Ron Gardenhire insists Matt Capps still has the job, but options include Joe Nathan and Glen Perkins.
Matt Capps is still the Twins' closer, manager Ron Gardenhire insisted Sunday afternoon, knowing the righthander wasn't happy with him.
Gardenhire had just pulled Capps with a two-run lead in the ninth inning, as the Brewers had two runners on base and Prince Fielder coming to the plate.
With Saturday's nightmare fresh on his mind, Gardenhire summoned lefthander Glen Perkins, who fanned Fielder and Casey McGehee, sealing the 9-7 victory at Target Field.
"Cappy's still our closer," Gardenhire said. "He's really fired up right now, I guarantee it. He's hot at me, and that's fine. I'll take it. I'll wear it. Whatever it takes, but we're trying to win baseball games."
Indeed, these are desperate times. After blowing a seven-run lead in Saturday's loss, the Twins needed this game to win the series and pull back to 10 games under .500, at 36-46.
The backdrop to all this, of course, is that former closer Joe Nathan appears to be regaining his form. Sunday marked the third time in three outings that he delivered a perfect eighth inning, earning another hold.
Capps entered Saturday's game with an 0.82 ERA in his previous 11 appearances, but that success was clearly lost on Twins fans when he turned a 7-4 ninth-inning lead into an 8-7 loss.
It was Capps' sixth blown save in 19 chances, and the sellout crowd booed when he entered Sunday's game. The tension mounted as singles by Rickie Weeks and Corey Hart put runners at first and second with one out.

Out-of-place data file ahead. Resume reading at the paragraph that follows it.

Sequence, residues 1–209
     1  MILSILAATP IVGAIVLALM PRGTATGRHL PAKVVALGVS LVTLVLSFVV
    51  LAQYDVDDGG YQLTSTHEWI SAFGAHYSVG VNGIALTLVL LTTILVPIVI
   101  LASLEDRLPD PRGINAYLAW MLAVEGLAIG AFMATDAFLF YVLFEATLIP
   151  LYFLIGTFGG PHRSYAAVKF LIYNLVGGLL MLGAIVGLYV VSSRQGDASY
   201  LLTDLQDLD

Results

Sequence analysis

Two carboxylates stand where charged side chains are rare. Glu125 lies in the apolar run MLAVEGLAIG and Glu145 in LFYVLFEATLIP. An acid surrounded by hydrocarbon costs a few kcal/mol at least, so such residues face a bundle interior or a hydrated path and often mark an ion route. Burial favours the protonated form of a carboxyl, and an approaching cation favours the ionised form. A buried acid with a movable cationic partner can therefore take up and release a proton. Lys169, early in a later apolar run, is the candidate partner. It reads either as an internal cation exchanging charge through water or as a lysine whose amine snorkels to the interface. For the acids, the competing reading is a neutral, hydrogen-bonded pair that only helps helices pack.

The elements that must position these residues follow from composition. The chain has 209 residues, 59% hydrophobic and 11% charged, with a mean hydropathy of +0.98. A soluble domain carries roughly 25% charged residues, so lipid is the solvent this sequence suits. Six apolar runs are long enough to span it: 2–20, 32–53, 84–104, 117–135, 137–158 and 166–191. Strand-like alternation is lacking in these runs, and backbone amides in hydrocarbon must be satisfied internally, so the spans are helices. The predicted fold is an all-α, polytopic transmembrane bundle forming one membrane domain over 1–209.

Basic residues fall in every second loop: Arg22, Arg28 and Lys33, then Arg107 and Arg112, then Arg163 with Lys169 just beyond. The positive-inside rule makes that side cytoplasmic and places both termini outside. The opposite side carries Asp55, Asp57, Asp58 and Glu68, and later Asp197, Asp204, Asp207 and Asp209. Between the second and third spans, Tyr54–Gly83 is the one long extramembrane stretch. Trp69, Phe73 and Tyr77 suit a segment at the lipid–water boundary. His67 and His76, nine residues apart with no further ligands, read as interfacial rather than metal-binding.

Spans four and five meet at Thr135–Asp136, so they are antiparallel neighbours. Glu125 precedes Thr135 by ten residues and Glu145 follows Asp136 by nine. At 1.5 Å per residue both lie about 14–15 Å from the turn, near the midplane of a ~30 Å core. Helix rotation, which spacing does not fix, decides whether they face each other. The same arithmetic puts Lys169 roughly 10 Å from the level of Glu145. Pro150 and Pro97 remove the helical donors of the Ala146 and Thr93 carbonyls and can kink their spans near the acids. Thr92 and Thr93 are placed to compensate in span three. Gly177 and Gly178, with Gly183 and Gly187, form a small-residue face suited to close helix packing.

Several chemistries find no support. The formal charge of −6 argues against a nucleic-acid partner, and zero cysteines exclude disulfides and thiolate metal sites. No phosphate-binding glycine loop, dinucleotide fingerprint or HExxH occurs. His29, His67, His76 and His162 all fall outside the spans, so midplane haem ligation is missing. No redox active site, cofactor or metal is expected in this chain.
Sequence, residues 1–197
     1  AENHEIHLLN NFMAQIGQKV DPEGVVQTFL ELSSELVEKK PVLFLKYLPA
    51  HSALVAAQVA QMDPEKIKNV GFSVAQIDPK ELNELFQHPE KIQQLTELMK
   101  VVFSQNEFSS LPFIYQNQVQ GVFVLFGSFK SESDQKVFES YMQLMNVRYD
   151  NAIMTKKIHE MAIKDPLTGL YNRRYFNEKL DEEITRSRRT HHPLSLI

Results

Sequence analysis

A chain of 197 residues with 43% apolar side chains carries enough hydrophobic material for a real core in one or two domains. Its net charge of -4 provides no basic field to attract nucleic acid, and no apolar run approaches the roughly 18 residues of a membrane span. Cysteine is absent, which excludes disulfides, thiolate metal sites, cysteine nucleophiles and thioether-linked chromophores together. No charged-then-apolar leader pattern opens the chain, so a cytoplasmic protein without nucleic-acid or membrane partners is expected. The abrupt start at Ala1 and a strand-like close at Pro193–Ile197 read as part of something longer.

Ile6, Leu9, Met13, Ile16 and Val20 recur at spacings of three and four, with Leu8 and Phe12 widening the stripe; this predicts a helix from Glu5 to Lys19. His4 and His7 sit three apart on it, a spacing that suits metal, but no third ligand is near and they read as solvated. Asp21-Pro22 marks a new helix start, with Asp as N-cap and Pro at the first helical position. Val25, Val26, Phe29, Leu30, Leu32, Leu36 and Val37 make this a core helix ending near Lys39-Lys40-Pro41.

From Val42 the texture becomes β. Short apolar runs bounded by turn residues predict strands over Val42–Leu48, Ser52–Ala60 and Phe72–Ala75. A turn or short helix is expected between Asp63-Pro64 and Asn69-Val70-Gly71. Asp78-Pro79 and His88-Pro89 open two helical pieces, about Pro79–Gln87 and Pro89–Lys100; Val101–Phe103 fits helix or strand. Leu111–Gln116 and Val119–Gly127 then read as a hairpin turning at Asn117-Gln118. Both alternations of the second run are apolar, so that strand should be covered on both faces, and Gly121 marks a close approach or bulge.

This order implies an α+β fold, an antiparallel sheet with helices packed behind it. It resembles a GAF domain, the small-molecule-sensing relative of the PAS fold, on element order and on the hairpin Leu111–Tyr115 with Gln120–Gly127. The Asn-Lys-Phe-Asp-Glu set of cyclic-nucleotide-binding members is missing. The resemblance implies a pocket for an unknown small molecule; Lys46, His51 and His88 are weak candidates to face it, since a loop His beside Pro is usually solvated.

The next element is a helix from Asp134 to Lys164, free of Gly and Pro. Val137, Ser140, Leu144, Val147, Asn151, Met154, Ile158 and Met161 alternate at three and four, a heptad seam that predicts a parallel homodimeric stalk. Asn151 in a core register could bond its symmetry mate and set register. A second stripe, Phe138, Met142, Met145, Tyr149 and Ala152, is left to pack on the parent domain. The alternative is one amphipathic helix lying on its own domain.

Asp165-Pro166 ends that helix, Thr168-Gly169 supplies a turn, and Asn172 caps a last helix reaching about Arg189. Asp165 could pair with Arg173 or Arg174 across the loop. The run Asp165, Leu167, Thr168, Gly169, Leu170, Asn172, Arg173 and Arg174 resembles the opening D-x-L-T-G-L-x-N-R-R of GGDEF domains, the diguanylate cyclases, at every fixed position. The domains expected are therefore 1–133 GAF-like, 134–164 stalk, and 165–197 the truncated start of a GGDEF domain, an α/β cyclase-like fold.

When Gardenhire went to the mound, Capps reminded Gardenhire that he'd had good success against Fielder.
"Considering Fielder is 0-for-7 with three [strikeouts] against me, it was pretty hard," Capps said.
Capps thought he made some good pitches Saturday and Sunday but noted the bloop hits and grounders through the infield.
"I understand [Fielder's] a dangerous hitter, and it worked out, and it looked great, but it's frustrating for me," Capps said.
Capps said it was the first time in his career that he'd been pulled in the middle of a save situation, but he was still on the field giving high fives after the game.
Asked if he was indeed "hot" at Gardenhire, Capps said: "He hasn't talked to me, hasn't said a word to me, walked right by me. His job is to make the moves that are best for the team, and that's what he did. I've got no problem with that. It worked out. We won the ballgame. That's the ultimate goal, and that's what he did."
Pitching for the fifth time in six days, Perkins was terrific again, lowering his ERA to 1.80. After swinging through a slider to end the game, McGehee broke his bat over his knee in frustration.
"It was a fun experience," Perkins said of his first career save. "I think we've got two guys who are good closers, and they're going to be our guys, and sometimes you've got to pick them up, and I was glad I was able to do that today."
Perkins said he never gave much thought to being an eighth-inning guy, let alone a closer. He's just happy to be pitching well, but it's worth noting that Capps and Nathan are both potential free agents at season's end.
For now, the 2012 closer controversy can wait. This one just got interesting again.
Joe Christensen • jchristensen@startribune
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